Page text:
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August 8, 2020
Scourge: The Once and Future Threat of Smallpox by Jonathan B. Tucker

Germs: Biological Weapons and America's Secret War by Judith Miller, Stephen Engelberg, William J. Broad

Biohazard: The Chilling True Story of the Largest Covert Biological Weapons Program in the World--Told from Inside by the Man Who Ran It by Ken Alibek

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The War Against Smallpox David W. Tschanz, MSPH, PhD

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Pushing the Enemy Back

Slowly, inexorably, smallpox was beaten back as a result of vaccination and the effects of herd immunity. New cases and mortality decreased throughout the 1800s and into this century. As a result of systematic vaccination smallpox vanished from England by 1940, from the United States by 1950, from China by 1965. By the mid-1960s the World Health Organization, announced an ambitious plan to fulfill Jefferson's promise to Jenner that "future generations will know by history only that loathsome smallpox has existed."

In theory smallpox eradication was practical. The symptoms of smallpox were obvious and needed no confirmatory laboratory tests. Furthermore, anyone contracting smallpox developed the disease. There simply was no carrier state, and there were no asymptomatic infections. Transmission was from person to person so there were no vectors or intermediate hosts to contend with. Man was the only known reservoir, hence the virus had no animal reservoir to retreat to. Patients were only infectious in the four days prior to onset, allowing for rapid tracking. Long term, if not lifetime, immunity followed vaccination or natural infection. The virus could not survive outside the human body. And finally, alone among the anti-viral vaccines, smallpox did not use the actual variola virus or any of its components -- there was not the slightest chance of a vaccine related case.


The first problem confronting Henderson and the eradicators was the vaccine itself. A great deal of progress had been made since Jenner's first experiment. Arm to arm vaccination was no longer the approved method. The vaccine in use at the start of the campaign was fairly stable. Though ideally it should be refrigerated, it could survive for one month if kept cool. Since it could be freeze-dried, transport was no problem. Once shaken in diluent of sterile water or saline, it was ready.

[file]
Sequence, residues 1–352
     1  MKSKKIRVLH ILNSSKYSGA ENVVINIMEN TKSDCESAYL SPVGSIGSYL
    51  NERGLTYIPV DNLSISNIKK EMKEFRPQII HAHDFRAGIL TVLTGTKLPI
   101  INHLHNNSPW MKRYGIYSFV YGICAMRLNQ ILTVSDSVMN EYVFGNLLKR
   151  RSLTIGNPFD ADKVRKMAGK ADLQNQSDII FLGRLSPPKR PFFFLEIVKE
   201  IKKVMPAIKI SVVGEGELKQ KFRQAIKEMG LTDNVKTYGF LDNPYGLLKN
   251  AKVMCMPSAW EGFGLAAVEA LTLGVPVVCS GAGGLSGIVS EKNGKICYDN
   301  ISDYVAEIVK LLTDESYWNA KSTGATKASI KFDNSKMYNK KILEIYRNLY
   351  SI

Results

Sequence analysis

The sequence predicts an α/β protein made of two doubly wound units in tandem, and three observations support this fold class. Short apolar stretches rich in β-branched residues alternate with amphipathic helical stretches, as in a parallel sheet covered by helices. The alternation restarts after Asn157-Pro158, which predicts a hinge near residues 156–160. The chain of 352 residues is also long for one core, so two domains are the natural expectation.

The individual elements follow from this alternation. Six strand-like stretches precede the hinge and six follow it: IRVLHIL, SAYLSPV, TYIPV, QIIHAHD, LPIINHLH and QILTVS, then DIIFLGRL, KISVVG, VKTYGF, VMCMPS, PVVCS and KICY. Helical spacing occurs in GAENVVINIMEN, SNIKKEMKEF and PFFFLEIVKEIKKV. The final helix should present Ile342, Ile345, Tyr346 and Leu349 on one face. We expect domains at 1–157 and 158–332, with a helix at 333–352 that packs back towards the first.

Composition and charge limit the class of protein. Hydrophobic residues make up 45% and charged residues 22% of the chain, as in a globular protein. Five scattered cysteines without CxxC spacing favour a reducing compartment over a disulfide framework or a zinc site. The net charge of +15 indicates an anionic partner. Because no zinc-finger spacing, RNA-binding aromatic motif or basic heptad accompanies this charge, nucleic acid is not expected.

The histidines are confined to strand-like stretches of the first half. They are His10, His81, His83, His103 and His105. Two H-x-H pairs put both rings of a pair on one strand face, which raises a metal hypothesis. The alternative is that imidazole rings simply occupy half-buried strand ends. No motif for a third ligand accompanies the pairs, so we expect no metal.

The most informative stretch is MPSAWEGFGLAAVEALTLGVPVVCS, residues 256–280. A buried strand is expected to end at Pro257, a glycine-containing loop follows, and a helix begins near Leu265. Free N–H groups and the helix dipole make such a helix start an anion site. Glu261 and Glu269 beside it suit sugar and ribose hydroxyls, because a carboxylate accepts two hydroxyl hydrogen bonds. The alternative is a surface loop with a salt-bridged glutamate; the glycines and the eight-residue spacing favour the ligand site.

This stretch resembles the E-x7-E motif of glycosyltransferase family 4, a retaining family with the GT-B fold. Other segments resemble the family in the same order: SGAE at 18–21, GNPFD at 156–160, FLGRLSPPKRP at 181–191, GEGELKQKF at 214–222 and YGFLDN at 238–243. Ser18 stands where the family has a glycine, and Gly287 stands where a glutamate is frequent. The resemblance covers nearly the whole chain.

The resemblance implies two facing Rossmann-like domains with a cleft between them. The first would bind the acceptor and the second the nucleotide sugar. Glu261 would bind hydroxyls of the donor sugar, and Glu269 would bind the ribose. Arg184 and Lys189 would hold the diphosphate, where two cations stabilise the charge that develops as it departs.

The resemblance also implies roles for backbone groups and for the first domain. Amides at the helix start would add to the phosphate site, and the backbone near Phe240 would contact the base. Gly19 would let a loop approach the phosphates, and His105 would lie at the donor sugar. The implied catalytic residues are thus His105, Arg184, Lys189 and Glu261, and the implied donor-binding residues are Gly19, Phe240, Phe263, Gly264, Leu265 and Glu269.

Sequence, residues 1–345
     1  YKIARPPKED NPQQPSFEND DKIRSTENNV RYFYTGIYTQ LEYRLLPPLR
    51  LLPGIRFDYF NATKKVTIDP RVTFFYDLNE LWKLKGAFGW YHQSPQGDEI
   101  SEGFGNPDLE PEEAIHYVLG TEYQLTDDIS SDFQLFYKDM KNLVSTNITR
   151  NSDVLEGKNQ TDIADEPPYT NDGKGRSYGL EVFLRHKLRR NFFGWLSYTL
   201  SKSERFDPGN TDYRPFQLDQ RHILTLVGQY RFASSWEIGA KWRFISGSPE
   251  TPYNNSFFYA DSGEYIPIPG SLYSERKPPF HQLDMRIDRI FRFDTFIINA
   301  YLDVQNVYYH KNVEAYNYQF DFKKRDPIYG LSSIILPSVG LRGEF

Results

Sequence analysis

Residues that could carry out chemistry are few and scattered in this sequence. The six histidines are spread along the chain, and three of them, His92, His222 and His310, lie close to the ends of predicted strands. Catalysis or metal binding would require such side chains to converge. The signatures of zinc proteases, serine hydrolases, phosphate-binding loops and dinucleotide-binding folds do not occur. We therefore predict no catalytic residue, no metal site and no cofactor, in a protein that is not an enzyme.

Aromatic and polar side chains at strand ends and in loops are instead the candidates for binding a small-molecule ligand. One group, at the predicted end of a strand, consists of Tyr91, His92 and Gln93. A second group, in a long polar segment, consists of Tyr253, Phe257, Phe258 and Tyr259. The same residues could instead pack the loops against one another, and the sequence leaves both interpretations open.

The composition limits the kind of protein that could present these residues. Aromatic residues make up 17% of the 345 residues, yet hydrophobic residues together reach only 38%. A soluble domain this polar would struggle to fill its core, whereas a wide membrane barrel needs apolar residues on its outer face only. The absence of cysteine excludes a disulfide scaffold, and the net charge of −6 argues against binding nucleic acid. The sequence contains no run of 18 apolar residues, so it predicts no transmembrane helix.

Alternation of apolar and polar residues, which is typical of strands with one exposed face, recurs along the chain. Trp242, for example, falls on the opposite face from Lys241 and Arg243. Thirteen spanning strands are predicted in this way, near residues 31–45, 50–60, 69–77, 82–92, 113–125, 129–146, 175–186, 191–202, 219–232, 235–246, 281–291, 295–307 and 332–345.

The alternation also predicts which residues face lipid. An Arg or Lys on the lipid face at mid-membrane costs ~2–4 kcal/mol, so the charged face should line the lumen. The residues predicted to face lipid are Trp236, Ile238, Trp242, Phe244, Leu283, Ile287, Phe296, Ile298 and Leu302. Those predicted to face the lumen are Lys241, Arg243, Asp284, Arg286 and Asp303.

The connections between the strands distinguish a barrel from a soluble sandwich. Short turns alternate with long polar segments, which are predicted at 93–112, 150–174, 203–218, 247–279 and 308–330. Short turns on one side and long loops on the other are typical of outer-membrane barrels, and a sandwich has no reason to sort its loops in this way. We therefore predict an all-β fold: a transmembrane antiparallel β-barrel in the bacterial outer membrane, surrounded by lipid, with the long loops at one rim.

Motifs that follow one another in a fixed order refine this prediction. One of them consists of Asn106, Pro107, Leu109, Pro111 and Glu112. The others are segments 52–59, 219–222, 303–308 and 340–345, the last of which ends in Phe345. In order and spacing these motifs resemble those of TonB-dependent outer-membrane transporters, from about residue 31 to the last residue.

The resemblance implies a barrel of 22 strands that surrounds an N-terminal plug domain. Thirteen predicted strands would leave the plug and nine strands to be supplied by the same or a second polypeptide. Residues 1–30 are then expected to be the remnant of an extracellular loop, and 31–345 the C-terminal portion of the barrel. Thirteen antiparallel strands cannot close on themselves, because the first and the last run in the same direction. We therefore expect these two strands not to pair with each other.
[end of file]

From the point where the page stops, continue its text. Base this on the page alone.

The problem lay in its manufacture. There was no standardization among the various sources with regard to potency, stability and purity. Some samples of vaccine revealed no virus whatsoever. Under Henderson's prodding, cajoling and outright demanding, all the participants in the program agreed to submit samples of their vaccine to either a laboratory in the Netherlands or one in England for quality control.

The device to deliver it was equally effective -- the traditional scratching fork was displaced by a rapid-fire jet- gun, which in turn gave way to the bifurcated needle that delivered just one drop and needed neither repair nor maintenance.


When local and regional smallpox eradication programs had begun in 1959, the strategy had called for mass vaccination campaigns designed to reach 80% of the population. This proved unsatisfactory and in 1964 WHO called for 100% coverage (Henderson, 1980). The one bit of good news was that the eradication effort was proving that immunity provided by high quality vaccine was surprising durable, and that boosters, originally thought essential, were unnecessary. However even with this discovery, 100% vaccination seemed unachievable. There simply was neither enough vaccine nor enough field workers to blanket the planet.


Then in 1968, William Foege, director of the Western and Central Africa eradication effort, ran short of vaccine. He abandoned the concept of 100% coverage in favor of another strategy based on rapid surveillance. When word of a case or an outbreak was received, Foege targeted the outbreak village and those surrounding it for intensive containment vaccination. The new strategy essentially isolated the existing smallpox cases behind a wall of immune individuals. Transmission was interrupted and the outbreak died out within the containment area. Smallpox could be eradicated -- even when the overall population was less than 50%.

Foege's discovery meant that detection and containment of outbreaks was not of equal, but of greater priority, than mass vaccination. Henderson ordered a shift in emphasis. The primary strategy was the rapid detection and containment of each outbreak. Since smallpox must spread from person to person in a continuing chain of infection, the objective of the strategy was to isolate each of the chains by isolating the case and vaccinating the contacts. Military theoreticians call this approach either "divide and conquer" or "defeating the enemy in detail." The elegance of the strategy was that if surveillance was maintained at a high level, smallpox could be defeated with much less effort than initially thought necessary.

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Discussion Boards on Chemical, Biological and Nuclear Weapons

The Latest Comment On This Topic:
From: Yimmy 7/28/2014 7:48:00 PM
In 2004 mike_golf said the American Army in WWII became the largest volunteer army the world has ever seen.

This was in fact the British Indian Army of WWII.

Aimless comment of the night.....
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